To some people, the month of September represents seasonal changes from hot summers to earthy fall atmospheres or birthdays, but to others it represents a well-deserved month of life-changing awareness. September has been declared as National Sickle Cell Awareness Month since 1983 by the Federal Government. Sickle Cell Anemia is “the most common form of an inherited blood disorder that causes the production of abnormal hemoglobin," a protein that provides oxygen in blood throughout the body. It effects approximately 70,000 to 100,000 Americans, and it is most commonly found in African Americans.
Elijah Powell, a junior at Morehouse College from Chicago, is one of these 70,000 people suffering from sickle cell anemia. He was diagnosed as a 2-month-old infant, and took matters into his own hands by the time he reached his 7th grade year of middle school. He started a fundraising system in the form of a 3-on-3 basketball tournament that was hosted every May until his senior year of high school. Each team was charged $15 to participate. Elijah managed to raise more than $9,000 that was donated to the Sickle Cell Disease of Illinois – Chicago every year. That money managed to send sickle cell patients to a support group camp for three or four summers in a row.
As Elijah began his matriculation at Morehouse College, he expanded his initiative and formed his own organization on campus in Fall 2013. Elijah named his organization Sickle Smart, which encourages awareness of sickle cell anemia to the Atlanta University Center (AUC) and the surrounding community.
Elijah and some students of the AUC also diagnosed with Sickle Cell Anemia
When asked what persuaded him to begin his own organization, Elijah replied, “We hear about a lot of other reoccurring diseases in the world on a daily basis like cancer and diabetes, not to discredit the seriousness of those diagnoses, but we rarely hear about sickle cell and that bothers me. When something bothers you, you take action! You stop talking about it, and you be about it!” Elijah also referenced the low amount of funding sickle cell organizations receive, since they are nonprofit.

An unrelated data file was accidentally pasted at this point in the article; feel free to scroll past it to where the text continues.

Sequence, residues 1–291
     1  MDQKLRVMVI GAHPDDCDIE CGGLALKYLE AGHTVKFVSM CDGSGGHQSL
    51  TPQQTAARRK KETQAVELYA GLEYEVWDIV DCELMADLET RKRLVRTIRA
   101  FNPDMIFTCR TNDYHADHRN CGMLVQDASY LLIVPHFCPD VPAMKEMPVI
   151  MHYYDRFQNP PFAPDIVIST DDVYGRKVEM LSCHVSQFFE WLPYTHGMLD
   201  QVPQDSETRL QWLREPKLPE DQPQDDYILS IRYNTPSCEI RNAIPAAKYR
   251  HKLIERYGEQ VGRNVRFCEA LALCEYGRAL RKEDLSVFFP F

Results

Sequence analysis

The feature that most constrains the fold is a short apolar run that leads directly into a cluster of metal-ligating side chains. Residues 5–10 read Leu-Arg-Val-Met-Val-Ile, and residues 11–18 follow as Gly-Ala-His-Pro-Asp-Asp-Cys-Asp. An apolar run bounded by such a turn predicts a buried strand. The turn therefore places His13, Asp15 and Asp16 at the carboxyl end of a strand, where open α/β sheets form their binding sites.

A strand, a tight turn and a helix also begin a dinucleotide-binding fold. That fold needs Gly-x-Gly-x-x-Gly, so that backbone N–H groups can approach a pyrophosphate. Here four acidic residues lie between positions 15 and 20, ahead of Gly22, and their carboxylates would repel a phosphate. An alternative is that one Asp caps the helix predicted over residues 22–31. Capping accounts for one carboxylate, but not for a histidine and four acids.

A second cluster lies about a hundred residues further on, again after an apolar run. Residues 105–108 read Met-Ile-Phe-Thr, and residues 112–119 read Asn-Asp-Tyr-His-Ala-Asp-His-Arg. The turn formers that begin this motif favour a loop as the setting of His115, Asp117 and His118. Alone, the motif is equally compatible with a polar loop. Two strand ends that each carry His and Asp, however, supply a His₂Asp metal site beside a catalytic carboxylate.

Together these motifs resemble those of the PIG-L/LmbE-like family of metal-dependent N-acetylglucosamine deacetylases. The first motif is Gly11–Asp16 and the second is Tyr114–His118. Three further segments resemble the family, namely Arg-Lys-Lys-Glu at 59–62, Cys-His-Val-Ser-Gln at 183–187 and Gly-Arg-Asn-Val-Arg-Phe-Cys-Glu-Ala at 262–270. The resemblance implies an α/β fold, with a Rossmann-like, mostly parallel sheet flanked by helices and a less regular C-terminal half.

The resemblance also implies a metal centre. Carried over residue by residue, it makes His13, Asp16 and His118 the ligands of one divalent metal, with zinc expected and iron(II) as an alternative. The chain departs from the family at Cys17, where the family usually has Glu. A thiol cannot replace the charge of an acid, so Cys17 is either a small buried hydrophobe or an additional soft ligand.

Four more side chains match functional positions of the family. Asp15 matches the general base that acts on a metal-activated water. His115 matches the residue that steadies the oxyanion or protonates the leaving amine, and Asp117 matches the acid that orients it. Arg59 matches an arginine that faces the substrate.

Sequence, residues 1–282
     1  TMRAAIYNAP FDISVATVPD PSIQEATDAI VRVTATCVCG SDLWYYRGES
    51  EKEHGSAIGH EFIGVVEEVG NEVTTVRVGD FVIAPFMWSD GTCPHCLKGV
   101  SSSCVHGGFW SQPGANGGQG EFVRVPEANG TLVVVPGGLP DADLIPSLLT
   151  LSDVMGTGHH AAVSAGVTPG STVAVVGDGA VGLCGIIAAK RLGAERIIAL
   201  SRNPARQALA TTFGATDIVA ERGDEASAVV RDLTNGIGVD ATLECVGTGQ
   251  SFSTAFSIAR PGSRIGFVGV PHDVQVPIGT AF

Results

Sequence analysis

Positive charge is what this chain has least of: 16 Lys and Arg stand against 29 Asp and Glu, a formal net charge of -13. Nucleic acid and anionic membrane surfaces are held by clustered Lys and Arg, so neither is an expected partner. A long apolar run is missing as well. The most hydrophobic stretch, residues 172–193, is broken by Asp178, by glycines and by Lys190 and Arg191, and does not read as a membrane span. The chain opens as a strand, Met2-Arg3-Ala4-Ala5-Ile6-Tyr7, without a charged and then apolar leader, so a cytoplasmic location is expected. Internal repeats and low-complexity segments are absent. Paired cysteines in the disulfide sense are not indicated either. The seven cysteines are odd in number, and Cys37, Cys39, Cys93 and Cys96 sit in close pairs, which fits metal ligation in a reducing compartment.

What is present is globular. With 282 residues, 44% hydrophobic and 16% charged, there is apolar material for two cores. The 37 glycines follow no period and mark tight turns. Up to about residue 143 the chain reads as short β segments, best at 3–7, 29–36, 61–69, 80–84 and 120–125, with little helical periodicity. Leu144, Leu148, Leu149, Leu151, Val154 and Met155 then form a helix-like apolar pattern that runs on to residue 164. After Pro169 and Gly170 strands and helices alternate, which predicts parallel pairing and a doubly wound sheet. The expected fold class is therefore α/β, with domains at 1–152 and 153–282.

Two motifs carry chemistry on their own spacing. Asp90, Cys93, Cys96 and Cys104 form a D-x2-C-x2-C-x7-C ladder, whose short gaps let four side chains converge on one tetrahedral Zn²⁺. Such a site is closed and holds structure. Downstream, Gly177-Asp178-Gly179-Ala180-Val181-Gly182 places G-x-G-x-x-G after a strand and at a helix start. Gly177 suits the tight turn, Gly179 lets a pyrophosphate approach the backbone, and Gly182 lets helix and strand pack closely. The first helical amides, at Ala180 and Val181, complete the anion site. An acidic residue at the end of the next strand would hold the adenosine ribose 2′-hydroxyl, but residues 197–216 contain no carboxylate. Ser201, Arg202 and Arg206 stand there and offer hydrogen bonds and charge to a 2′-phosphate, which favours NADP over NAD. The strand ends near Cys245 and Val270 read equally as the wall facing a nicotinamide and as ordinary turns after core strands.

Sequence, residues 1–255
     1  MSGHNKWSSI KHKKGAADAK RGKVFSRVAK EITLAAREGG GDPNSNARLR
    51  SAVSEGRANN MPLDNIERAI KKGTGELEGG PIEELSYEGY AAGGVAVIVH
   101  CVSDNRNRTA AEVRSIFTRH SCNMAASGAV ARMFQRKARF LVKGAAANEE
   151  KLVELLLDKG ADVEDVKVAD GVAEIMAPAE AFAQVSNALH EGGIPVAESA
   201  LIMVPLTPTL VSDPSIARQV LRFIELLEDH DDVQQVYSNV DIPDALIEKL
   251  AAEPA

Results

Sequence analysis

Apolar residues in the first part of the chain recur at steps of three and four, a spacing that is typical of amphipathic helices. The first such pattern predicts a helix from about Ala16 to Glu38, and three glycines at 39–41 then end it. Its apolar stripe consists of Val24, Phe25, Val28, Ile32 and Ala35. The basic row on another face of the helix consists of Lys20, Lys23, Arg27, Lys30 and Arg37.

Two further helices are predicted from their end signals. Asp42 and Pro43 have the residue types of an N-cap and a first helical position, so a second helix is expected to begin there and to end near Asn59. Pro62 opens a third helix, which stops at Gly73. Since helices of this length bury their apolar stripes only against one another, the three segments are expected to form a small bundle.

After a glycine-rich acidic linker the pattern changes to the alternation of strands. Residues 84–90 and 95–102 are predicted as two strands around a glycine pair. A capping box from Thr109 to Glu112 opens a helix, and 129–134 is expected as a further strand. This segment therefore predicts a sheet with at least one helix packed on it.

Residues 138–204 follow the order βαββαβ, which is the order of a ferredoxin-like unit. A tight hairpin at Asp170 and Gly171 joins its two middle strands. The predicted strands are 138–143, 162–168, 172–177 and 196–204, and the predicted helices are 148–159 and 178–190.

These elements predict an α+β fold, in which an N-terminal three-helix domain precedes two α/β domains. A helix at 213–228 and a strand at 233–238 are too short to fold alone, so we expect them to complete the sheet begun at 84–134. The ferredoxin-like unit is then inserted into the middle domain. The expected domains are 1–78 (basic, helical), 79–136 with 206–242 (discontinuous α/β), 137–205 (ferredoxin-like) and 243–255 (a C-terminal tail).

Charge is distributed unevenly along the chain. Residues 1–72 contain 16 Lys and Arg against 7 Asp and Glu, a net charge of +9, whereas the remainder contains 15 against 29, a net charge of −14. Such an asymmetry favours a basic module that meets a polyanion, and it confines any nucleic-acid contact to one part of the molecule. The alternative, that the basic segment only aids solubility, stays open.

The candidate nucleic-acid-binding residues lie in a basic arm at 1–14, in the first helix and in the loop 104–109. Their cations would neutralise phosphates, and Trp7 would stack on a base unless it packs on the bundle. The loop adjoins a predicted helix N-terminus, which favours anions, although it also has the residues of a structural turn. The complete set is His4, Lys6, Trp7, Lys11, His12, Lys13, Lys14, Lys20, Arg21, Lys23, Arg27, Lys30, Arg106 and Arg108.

One of the hardest things sickle cell patients have to deal with is their ability to cope with school, a social life, and their illness. Elijah described it as “always playing catch-up” because he would always miss a week or two of school due to hospital visits. Those who live with sickle cell have constant episodes of swelling hands and feet, pale skin, random excruciating pain, and sometimes stroke. These symptoms can be caused by dehydration, fever, infections, or even drug and alcohol use.
Elijah also recounted some of his own emotional battles associated with sickle cell, as well as those of many other patients. They often feel depressed and stressed because it’s a never-ending battle of treatment with no cure. Some, who have adequate access to healthcare, are often put in clinical trials with experimental therapies which includes medications, such as pain relievers and hydroxyurea (Hydrea), and sometimes blood transfusions.
The events Elijah hosted through his organization have featured testimonial occurrences of AUC students, encouragement, and awareness sessions. He recognizes the importance of these sessions because “people don’t believe it until they actually see it.” “People didn’t believe a black man could be president until Obama did it. Therefore, people won’t believe they can beat this race until people like me show them that all things are possible,” Elijah said.
Elijah's first Sickle Cell event on Campus, Spring 2014
His goals this year are to continue to spread awareness of sickle cell all year, for people to leave his events with greater knowledge of what sickle cell is, and to let people know how relevant it is in the African American community.
Elijah can be reached on Instagram @eli_suave or via email Epic24@gmail.com. Elijah encourages all to become members of his organization, Sickle Smart. His next event will be on September 29, 2015. The time and location will be available closer to the event date via social media and emails.
"You must be the change you wish to see in the world." --Mahatma Gandhi